Strategies for Well-Being
“And ain’t nobody fighting, ‘cause nobody knows what to save …” – Gil Scott-Heron, Winter in America
Opening rounds are underway in what will be, clearly, the biggest political, domestic fight of the new congressional year – the promise by President Trump and GOP lawmakers to “repeal and replace” the Affordable Care Act.
The fight seems to be especially clear as Republicans move to eliminate a health care law that has, among other things, provided roughly 20 million people with some form of coverage; allowed young people under 26 to remain under their parent’s insurance coverage; and eliminated the inability to be insured due to pre-existing conditions.
The Affordable Care Act was signed into law by President Obama in March 2010. Its major provisions went into effect in Jan. 1, 2014. Love it or hate it, the ACA – also known as Obamacare – will forever be linked with President Obama.
The ACA did some great things, but also needs to be overhauled in some material ways. It had a big impact in the short term, and it set in motion what I believe will be a fundamental redesign of healthcare in the U.S. in the long term.
Universal opinion is that major problems remain: a risk pool with too many sick people and not enough who are young and healthy; federal backstop programs aimed at helping companies that miscalculated how much to charge and that have now expired; and deductibles and co-pays so high that many of the insured can’t afford to use their coverage. The insurance companies who say they need higher premiums to cover payouts to doctors and hospitals are pulling out of health exchanges, and premiums are expected to rise for individuals anywhere from 25 to 50 percent this year alone!
Together, the developments are posing new challenges for Americans seeking affordable coverage, and show the highly-touted overhaul of the country’s health care system is in some cases not yielding the savings President Obama once promised.
The public remains evenly divided on Obamacare. A recent Washington Post-ABC poll found 46 percent supported repealing the law, while 47 percent opposed it.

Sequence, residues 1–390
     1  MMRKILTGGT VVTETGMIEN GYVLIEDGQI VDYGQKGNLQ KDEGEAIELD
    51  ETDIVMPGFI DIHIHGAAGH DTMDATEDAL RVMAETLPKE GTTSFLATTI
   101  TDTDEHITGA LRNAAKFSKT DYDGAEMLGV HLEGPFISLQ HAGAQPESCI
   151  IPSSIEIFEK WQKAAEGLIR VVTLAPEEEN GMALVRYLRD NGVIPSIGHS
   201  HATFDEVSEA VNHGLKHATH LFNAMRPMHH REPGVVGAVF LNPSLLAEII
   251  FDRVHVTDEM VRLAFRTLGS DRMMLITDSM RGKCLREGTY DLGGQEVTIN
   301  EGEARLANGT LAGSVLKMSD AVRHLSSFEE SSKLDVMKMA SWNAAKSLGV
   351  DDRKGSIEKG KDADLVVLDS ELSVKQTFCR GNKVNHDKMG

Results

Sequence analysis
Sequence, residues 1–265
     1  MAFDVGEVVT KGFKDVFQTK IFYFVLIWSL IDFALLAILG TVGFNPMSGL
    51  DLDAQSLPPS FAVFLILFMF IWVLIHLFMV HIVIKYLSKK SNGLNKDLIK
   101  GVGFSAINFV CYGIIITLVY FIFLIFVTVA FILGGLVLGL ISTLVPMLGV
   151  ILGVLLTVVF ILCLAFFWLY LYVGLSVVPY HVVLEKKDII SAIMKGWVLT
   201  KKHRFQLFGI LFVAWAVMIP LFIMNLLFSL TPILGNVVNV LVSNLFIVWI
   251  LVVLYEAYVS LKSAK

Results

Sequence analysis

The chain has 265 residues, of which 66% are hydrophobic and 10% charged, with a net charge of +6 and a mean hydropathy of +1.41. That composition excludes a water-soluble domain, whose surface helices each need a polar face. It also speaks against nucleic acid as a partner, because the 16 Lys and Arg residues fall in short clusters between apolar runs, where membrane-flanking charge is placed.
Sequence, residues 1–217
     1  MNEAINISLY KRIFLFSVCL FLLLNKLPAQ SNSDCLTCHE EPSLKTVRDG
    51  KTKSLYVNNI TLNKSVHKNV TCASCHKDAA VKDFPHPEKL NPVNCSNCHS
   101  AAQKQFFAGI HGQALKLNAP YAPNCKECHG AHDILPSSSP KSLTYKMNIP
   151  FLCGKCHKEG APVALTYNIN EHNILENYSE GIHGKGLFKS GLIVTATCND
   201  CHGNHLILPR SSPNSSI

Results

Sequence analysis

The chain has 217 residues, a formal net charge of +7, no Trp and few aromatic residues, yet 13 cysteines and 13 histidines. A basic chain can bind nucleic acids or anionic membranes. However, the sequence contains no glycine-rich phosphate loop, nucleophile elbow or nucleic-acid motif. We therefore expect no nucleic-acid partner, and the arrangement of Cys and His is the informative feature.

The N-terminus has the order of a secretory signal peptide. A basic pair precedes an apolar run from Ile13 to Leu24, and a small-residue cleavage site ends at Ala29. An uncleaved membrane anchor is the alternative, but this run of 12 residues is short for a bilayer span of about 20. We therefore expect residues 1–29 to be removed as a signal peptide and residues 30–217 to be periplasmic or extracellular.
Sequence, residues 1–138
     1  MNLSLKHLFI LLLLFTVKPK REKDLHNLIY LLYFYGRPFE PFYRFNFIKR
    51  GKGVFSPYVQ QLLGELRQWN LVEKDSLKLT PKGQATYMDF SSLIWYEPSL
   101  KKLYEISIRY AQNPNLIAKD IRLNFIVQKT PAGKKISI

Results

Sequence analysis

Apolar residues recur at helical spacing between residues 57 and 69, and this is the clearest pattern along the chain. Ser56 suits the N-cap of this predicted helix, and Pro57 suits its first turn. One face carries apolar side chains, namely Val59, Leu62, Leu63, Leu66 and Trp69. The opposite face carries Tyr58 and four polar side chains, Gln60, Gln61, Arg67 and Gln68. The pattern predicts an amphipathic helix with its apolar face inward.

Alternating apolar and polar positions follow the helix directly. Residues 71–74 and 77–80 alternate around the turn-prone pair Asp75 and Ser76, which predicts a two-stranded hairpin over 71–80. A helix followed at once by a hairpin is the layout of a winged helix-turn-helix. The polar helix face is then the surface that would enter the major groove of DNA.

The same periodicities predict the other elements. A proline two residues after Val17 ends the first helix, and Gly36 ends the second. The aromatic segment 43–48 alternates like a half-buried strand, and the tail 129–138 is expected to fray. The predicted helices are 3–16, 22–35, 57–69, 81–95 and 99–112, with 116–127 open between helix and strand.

But there is an even greater problem.
A while back, TV host Jimmy Kimmel took to the streets of Hollywood to ask ordinary pedestrians which they thought was better: Obamacare or the Affordable Care Act. These are the exact same thing; however, people disliked Obamacare while preferring the “affordable alternative.”
One women claimed that she “just doesn’t agree with the whole Obamacare-policy-thing that’s going on,” though she couldn’t explain quite why. She did, however, agree with the ACA.
As sad as this is, the ignorance hardly comes as a surprise. People are more likely to hear propaganda slamming Obamacare, or supporting it, than they are to actually research it.
This illustrates a serious problem in the country at a time when the provision and availability of health care in this country is at the heart of political conversations. It’s called health literacy.
Health literacy is defined in the Institute of Medicine report, Health Literacy: A Prescription to End Confusion, as “the degree to which individuals have the capacity to obtain, process, and understand basic health information and services needed to make appropriate health decisions.”
For example, it includes the ability to understand instructions on prescription drug bottles, appointment slips, medical education brochures, doctor’s directions and consent forms, and the ability to negotiate complex health care systems.
While it is not health literacy legislation, the goals of the ACA cannot be achieved without addressing health literacy issues. The legislation offers few fixes for health literacy; there is no forceful legislative language, no regulatory mandates and no designated resources for action in this area.
The ACA extends health care access to 32 million Americans who previously had been uninsured. However, many of the newly eligible individuals who could benefit most from the benefits promised by the ACA are perhaps least prepared to take advantage of those benefits. Due to low health literacy, many people may have difficulty understanding what coverage they are eligible for under the ACA, making informed choices about what is best for them and their families and completing the enrollment process.
A lot of new people have entered the health care market and are making decisions that involve not just cost of their premium and “Is my doctor in the plan?,” but also complicated decisions about deductibles, co-pays and benefits.
This has played out in other studies that reached the same conclusions. More than 1 out of every 3 Americans incorrectly believes that Obamacare and the Affordable Care Act are different laws.
Sometimes the problem is not health literacy but the ability to read or write at all. It is estimated that 14 percent of adults are illiterate, but many find ingenious ways to hide the problem.
A 2006 study by the U.S. Department of Education found that 36 percent of adults have only basic or below-basic skills for dealing with health material. This means that 90 million Americans can understand discharge instructions written only at a fifth-grade level or lower. If a person can read at a sixth-grade level and do simple math, they are health literate.
The success of health system reform will depend in large part on the capacity of individuals, families and communities to make informed decisions about their health.
Otherwise, how do you know what to fight for?
Remember, I’m not a doctor. I just sound like one.
Take good care of yourself and live the best life possible!
Disclaimer: This column is for informational purposes only. If you have a medical condition or concern, please seek professional care from your doctor or other health professional. Glenn Ellis, is a Health Advocacy Communications Specialist and is available through http://www.glennellis.com.